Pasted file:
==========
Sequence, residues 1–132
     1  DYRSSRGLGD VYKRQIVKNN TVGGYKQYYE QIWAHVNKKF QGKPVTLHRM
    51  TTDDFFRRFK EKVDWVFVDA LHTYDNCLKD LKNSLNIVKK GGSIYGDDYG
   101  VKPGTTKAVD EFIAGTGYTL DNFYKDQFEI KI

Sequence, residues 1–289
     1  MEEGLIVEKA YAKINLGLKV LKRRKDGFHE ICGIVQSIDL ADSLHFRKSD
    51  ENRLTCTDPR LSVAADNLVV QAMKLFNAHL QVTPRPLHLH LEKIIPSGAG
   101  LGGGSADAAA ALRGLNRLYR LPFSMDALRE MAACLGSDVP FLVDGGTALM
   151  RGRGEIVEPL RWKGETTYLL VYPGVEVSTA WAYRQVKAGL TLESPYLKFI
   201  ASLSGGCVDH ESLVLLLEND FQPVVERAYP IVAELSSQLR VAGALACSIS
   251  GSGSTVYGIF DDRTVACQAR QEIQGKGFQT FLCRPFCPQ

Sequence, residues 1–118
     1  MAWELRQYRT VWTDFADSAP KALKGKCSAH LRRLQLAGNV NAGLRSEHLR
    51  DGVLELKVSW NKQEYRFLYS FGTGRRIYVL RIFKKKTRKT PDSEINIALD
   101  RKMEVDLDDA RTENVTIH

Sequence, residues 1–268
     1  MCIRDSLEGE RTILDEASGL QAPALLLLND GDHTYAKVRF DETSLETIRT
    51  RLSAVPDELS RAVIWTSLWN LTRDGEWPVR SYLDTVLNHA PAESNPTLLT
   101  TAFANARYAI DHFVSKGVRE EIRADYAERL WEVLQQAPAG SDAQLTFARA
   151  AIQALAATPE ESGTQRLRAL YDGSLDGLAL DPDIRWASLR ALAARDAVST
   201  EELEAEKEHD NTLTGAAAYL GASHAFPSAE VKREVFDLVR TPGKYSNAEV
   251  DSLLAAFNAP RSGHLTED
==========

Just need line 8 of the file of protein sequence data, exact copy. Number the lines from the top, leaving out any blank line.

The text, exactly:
   101  LGGGSADAAA ALRGLNRLYR LPFSMDALRE MAACLGSDVP FLVDGGTALM